Dyrham Park is offering a break from the hustle and bustle of the modern Christmas experience this year with a chance to take some time out and encounter some 17th-century winter traditions.
December at the National Trust property near Bath will provide a step away from the tinsel, baubles and trees of today and the opportunity to learn about some historic festive customs while taking a moment to stretch your legs, take stock and reconnect with nature.
There will be church choirs, a children’s trail through the parkland, a poetry trail and subtle, scented decorations crafted from plants and dried flowers from around the park and garden.
Senior Visitor Experience Officer Emma Aldred explained: “We know that Christmas and the run-up to it can be a manic time and at Dyrham this year we’re offering visitors the chance to do something a bit different.
“You can forget tinsel, baubles and Father Christmas but we can offer some space to breathe and reflect as well as a selection of trails, interesting crafts, some choirs and a bit of shopping of course.”
Though some of the house is currently closed due to conservation work, a range of rooms will stay open decorated with carefully crafted festive foliage with the scent of orange and spices, cinnamon, pine cones and lavender.
Dried flowers including hydrangea and statice will bring natural colour to the decorations.
Local choirs will sing festive carols in St Peter’s Church which adjoins the property on selected weekends in December.
In the garden and parkland, you can wander at your own pace through the wintry trees or join a guided tour of the park and garden, taking place on most days subject to volunteers.
There will be a children’s trail running through the parkland from Saturday 30th November to Sunday 5th January which will focus on finding natural beauty in the winter season.
In the run-up to Christmas you can make a wish and tie a ribbon on a tree branch in the garden’s nut walk.
Two trails aimed at adults have also been created. The poetry trail leads through the quiet terraces area offering an opportunity to reflect on 17th-century seasonal verse in a peaceful setting.
The winter mindfulness trail takes you around the park and garden suggesting places and areas to stop, think and really focus on you, your feelings and your connections with nature at that moment.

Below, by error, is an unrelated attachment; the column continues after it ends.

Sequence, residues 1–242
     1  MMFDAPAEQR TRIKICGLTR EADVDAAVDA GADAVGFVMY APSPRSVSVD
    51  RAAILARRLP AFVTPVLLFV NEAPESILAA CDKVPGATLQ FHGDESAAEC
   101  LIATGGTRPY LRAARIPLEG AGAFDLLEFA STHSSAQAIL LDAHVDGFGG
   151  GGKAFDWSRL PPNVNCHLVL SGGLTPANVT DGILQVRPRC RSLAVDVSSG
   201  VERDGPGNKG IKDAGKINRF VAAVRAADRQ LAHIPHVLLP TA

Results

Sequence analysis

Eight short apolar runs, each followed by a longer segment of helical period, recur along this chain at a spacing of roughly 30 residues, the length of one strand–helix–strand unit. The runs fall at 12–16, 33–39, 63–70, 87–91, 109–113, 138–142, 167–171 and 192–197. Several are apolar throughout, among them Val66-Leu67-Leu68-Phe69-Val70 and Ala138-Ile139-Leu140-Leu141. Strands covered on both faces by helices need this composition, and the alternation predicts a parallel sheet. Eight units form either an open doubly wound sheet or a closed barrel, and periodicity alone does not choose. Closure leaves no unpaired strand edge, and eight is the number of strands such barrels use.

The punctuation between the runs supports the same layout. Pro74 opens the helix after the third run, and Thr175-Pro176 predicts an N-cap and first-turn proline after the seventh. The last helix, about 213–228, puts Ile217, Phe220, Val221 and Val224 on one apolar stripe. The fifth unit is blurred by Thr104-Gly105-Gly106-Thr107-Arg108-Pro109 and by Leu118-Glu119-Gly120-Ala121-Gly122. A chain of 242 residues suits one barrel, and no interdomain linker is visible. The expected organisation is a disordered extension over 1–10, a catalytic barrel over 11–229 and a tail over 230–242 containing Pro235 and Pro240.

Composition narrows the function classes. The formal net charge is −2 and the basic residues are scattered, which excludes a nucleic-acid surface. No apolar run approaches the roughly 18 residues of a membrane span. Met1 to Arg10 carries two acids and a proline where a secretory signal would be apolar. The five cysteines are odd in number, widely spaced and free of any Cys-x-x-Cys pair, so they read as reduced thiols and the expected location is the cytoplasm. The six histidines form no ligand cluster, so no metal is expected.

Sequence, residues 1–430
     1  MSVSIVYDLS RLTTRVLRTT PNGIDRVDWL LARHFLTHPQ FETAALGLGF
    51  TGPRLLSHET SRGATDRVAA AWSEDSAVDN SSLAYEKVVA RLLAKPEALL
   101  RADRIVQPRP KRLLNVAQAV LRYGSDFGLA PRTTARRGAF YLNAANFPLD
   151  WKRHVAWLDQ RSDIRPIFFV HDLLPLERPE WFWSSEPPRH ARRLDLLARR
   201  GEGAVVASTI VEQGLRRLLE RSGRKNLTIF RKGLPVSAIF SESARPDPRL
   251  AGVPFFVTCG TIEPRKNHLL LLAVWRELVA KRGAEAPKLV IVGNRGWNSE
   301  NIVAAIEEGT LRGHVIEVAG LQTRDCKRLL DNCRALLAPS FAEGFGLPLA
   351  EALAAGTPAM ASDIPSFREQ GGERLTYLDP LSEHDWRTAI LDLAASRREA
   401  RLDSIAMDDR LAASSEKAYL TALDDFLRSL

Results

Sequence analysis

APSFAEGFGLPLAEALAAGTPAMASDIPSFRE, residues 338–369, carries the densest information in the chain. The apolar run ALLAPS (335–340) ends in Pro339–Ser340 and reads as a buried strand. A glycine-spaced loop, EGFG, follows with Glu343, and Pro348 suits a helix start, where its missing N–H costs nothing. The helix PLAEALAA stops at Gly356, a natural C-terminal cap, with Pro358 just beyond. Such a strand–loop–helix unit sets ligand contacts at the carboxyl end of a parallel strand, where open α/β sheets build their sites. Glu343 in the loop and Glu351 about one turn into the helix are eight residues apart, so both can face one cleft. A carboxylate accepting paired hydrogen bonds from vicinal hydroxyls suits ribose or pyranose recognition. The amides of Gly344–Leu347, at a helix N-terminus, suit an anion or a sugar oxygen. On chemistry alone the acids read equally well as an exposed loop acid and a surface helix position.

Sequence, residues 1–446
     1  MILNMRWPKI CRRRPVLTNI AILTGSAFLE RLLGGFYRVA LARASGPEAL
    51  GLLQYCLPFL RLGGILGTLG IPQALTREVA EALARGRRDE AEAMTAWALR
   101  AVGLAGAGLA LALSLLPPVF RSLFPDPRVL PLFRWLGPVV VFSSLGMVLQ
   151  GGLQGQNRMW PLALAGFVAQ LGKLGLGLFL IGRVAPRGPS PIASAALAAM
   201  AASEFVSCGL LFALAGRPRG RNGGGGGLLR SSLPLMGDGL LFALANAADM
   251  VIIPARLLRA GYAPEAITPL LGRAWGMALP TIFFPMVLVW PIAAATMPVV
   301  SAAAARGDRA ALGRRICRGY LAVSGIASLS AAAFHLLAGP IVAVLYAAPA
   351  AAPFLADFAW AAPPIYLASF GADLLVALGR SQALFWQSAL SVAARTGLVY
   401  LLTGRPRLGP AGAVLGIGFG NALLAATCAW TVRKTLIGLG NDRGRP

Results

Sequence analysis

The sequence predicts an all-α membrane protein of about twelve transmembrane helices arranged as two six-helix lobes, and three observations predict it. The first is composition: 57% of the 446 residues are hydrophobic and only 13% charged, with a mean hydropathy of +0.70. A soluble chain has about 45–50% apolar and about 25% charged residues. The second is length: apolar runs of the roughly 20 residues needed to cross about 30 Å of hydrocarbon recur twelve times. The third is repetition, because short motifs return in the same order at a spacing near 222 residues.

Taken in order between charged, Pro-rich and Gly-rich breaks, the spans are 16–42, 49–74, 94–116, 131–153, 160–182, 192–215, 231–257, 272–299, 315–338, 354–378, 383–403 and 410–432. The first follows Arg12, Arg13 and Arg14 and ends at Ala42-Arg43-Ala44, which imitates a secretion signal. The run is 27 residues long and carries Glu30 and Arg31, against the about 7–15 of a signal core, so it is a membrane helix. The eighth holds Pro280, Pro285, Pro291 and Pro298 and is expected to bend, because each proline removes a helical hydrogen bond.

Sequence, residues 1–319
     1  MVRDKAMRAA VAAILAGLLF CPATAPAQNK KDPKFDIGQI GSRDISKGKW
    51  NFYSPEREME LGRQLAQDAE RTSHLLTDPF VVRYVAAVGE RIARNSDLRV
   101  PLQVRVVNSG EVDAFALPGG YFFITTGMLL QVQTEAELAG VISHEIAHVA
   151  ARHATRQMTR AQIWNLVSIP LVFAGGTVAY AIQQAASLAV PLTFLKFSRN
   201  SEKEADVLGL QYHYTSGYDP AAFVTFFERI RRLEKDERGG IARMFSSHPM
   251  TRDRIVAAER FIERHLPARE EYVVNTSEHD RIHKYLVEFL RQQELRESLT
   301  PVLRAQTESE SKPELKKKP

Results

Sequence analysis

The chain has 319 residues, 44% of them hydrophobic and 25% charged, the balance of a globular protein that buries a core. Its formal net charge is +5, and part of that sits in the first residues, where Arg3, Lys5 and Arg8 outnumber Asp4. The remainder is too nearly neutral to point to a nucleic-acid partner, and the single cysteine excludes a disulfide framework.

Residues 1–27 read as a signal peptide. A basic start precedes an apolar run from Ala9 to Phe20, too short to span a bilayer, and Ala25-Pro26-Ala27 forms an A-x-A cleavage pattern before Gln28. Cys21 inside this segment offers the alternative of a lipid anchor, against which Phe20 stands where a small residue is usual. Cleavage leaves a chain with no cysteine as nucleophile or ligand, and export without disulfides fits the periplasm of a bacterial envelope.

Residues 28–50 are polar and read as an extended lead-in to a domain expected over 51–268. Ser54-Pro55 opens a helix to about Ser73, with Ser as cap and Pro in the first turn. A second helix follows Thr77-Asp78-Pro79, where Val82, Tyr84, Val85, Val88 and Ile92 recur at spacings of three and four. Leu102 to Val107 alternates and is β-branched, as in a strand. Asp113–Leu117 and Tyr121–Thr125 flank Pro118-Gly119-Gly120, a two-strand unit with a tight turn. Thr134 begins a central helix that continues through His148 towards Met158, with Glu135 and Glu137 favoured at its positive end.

Volunteers dressed as 17th-century servants will be around the site on selected dates in December and early January to talk to visitors about the work they had to do to get ready for Christmas in the late 1600s.
Each weekend in November, there will be natural craft-making focussing on fire, light and candles, the main source of light in a 17th-century home.
You’ll be able to make natural firelighters, create wild candle holders and make beeswax candles using beeswax sheets and wicks.
These activities will take place from 11am to 2pm and there will be a small charge.
For children, each weekend in December starting Saturday 7th and Sunday 8th there will be Christmas crafts based on nature and traditional 17th-century decorations.
You could try your hand at creating a scented pomander bags, some dried orange decorations or a bird feeder.
The festive season will culminate in a noisy celebration of wassailing on Sunday 5th January, 11am-2pm, when visitors are invited to accompany the live music by bashing pots and pans in a traditional celebration to encourage the pear harvest.
Dyrham Park is open daily from 10am-4pm (last entry at 3pm). The whole site is closed on Christmas Eve and Christmas Day.
It is situated just off junction 18 of the M4 – 8 miles north of Bath and 12 miles east of Bristol. The park is open daily from 10am-4pm (last entry one hour before close).